Wild berries native to North America may have a role in boosting cancer therapy, according to a study in the Journal of Clinical Pathology.
Scientists suggest chokeberries could work in combination with conventional drugs to kill more cancer cells.
But the UK research is at an early stage, with experiments carried out only on cancer cells in laboratories.
Cancer Research UK says much more work is needed to test the effectiveness of berries, particularly in human trials.
Hard to treat
Researchers from the University of Southampton and King's College Hospital, London, tested a berry extract on pancreatic cancer samples.
Pancreatic cancer is particularly hard to treat and has an average survival period of just six months after diagnosis.
The study found that when the berry extract was used, together with a conventional chemotherapy drug called gemcitabine, more cancer cells died than when the drug was used alone.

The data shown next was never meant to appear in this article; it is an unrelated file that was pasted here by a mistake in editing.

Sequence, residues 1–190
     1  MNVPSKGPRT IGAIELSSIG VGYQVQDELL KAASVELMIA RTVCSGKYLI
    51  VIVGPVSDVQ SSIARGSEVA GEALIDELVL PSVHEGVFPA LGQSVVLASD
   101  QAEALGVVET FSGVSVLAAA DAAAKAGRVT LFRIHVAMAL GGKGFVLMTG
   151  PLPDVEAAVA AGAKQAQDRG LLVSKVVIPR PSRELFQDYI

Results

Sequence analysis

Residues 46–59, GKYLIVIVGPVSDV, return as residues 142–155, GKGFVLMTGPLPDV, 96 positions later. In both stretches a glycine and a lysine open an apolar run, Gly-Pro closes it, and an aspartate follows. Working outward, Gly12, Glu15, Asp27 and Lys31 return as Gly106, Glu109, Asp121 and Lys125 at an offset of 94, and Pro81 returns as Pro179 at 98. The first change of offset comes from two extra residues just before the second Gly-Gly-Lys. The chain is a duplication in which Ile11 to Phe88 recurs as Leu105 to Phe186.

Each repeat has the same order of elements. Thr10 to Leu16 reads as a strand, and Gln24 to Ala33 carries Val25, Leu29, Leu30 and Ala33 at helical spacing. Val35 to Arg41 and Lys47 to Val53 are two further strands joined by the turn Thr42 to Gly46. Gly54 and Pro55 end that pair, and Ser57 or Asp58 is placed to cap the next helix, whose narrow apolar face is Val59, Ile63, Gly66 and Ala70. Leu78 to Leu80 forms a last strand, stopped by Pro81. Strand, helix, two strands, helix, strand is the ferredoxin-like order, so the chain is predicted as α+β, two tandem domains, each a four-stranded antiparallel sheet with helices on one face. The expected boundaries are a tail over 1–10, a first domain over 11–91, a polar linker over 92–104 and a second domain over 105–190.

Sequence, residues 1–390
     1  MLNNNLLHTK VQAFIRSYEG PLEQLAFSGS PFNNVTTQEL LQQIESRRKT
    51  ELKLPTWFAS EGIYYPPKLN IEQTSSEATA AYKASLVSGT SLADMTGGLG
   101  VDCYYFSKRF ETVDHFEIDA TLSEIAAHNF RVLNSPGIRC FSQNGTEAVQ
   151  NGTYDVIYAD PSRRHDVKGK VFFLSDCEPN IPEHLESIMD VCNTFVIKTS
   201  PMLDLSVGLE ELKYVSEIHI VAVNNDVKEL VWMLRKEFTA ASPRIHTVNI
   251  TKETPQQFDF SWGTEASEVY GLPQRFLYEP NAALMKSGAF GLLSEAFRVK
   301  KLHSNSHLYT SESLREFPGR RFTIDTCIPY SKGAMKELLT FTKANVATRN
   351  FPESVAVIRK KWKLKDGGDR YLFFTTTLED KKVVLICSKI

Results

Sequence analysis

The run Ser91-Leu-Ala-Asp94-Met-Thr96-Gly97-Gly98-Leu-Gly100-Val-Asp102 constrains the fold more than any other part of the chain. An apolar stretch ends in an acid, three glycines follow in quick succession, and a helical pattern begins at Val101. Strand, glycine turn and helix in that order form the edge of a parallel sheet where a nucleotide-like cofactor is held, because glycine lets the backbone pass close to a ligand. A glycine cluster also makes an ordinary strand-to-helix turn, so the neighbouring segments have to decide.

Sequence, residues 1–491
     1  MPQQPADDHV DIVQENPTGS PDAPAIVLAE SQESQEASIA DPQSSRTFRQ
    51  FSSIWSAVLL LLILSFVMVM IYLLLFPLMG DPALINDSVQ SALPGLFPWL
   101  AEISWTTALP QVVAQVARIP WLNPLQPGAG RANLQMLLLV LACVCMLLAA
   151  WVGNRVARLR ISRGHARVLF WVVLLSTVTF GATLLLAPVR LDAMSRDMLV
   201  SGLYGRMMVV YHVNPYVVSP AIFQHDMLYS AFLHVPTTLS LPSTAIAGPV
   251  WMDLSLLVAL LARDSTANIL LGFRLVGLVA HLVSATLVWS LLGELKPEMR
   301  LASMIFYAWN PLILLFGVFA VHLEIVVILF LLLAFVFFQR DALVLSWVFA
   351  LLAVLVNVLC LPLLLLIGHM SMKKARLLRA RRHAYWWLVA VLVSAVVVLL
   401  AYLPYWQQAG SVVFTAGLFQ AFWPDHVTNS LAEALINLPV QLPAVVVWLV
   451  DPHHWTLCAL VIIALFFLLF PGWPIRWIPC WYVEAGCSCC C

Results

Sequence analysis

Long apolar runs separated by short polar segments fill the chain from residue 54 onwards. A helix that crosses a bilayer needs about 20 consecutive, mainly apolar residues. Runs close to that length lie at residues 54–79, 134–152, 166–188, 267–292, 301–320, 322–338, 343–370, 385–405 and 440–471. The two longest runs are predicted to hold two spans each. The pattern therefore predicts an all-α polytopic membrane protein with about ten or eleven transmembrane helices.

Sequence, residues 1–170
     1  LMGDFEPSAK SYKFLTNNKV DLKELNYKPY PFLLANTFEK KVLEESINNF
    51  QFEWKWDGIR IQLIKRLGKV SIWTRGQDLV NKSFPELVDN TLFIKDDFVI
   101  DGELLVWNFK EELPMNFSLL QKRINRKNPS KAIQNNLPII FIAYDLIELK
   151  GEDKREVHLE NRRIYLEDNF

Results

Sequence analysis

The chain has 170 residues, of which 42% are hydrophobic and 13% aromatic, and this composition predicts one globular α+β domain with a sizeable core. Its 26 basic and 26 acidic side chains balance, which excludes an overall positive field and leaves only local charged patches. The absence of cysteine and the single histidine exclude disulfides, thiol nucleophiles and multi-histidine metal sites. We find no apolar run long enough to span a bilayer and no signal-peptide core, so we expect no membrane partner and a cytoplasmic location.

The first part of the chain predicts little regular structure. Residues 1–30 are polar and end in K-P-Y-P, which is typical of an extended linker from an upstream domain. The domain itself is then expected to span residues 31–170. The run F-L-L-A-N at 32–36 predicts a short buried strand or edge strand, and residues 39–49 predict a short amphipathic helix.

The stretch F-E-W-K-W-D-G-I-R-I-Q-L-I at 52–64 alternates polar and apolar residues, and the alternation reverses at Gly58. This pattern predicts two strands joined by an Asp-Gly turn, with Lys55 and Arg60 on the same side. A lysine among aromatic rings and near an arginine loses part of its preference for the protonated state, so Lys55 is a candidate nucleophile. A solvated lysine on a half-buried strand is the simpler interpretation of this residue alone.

But the scientists say the chokeberry had no effect on normal body cells tested in this way.
They believe compounds known as polyphenols in the berries may reduce the number of harmful cells.
And the team previously carried out similar early work on brain cancer cells.
Henry Scowcroft, at the charity Cancer Research UK, said: "It's far too early to say from this small laboratory study whether chemicals extracted from chokeberries have any effect on pancreatic cancer in patients.
"And the findings certainly don't suggest that the berries themselves should be taken alongside conventional chemotherapy.
"But innovative approaches are urgently needed to improve treatment for people with pancreatic cancer - a disease for which there has been precious little progress over recent decades."
Chokeberries grow on the eastern side of North America in wetlands and swamp areas.
Bashir Lwaleed, a senior lecturer at Southampton University, who carried out the study, said: "We need to do more research to understand how the chemotherapy and berry work together.
"At the moment we cannot suggest people go out and buy supplements - we are still at the experimental level."
The study was funded by the Malaysian ministry of higher education and health charity Have a Chance Inc in the USA.